Virginia Gov. Charles S. Robb, a man too conservative to win organized labor's endorsement last year, stood before an applauding state's AFL--CIO convention this morning smiling broadly as the labor delegates gave him a standing ovation.
It was a clear sign that organized labor has made its peace with the Democratic governor and is on the verge of endorsing Lt. Gov. Richard J. Davis, Robb's former running mate, for the U.S. Senate.
Robb, not known for his wit, could not let the moment pass and recalled that he had been barred from addressing the convention last year. "I liked your welcome this year better than last year," he quipped as his audience roared with laughter.
The AFL-CIO's warm reception seemed to mark a personal triumph for Robb, whose support for the state's right-to-work law and opposition to collective bargaining for public employes made him the first statewide Democratic candidate in a decade to be denied organized labor's endorsement. But Robb was the first Democrat to win the governor's office since 1965 and the labor delegates made it clear today that they want to be known as a friend of a winner.
"He's the governor. He's the man with whom we must deal," said Robert A. Stewart, executive director of Council 30 of the American Federation of State, County and Municipal Employees, which has 3,000 state members. "We are anxious to establish a positive relationship with him."
Absent from Robb's speech was any direct plug for the 60-year-old Davis, a mortgage banker and former Portsmouth mayor who shares the governor's views on the state's labor laws. "I'm just as nonpartisan as they come -- you know that," he joked with reporters after his speech to the 600 labor representatives in the ballroom of the Hotel Roanoke. "I was not invited to make a political speech as such."
If Robb's politics were obscure, John Perkins, director of the AFL-CIO's Committee on Political Education, the labor group's political action arm, was blunt. "You have a tremendous job to do," Perkins told the convention today. "Send us fresh troops from Virginia to the U.S. Congress. Send us Dick Davis for the Senate and at least five new congressmen for Virginia."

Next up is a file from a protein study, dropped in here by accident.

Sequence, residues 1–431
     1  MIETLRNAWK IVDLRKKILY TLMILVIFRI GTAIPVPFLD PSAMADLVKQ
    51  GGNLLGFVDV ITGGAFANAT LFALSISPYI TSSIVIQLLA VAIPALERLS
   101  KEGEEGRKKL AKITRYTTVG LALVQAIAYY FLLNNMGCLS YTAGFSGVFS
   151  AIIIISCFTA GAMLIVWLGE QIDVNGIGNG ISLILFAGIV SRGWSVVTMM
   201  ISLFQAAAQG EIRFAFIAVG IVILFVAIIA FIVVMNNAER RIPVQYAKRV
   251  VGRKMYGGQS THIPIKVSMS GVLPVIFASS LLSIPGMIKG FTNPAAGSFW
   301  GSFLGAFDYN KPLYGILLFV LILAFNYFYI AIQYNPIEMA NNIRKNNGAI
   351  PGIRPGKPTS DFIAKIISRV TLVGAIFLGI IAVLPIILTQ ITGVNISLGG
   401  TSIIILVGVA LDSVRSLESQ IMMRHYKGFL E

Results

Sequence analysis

Despite Davis' opposition to repeal of the right-to-work law, which prohibits mandatory membership in labor unions, delegates here said his record in forging coalitions between labor and management in Portsmouth would virtually guarantee him the convention's support. "Even if he won't necessarily work for us, he won't work against us either," said one delegate.
The governor today took a subtle swipe at Davis' Republican opponent, Newport News Rep. Paul S. Trible Jr., criticizing "those who would try to divide us--those who would use the old tactic of labor baiting."
In recent weeks, the Trible campaign has distributed a memo that accuses Davis aides of soliciting labor contributions at a COPE meeting in New York. The Davis campaign has denied attending the meeting or seeking the contributions, and Davis supporters have attacked the memo as an antiunion smear.
The impact of an AFL-CIO endorsement on Davis' chances is unclear. Virginia has an antiunion tradition that stretches back to before the Civil War, and conventional political wisdom here has held that any candidate branded as an ally of labor is almost certain to lose.
A labor endorsement, however, would almost surely bring money that is much needed by Davis, who was drafted as his party's candidate two months ago. This week, Davis strategists acknowledged that they had raised only $450,000 to Trible's $1.2 million, and $100,000 of that had been contributed by Davis himself. In 1977, labor groups gave $220,000 to Democrat Henry E. Howell's unsuccessful campaign for governor.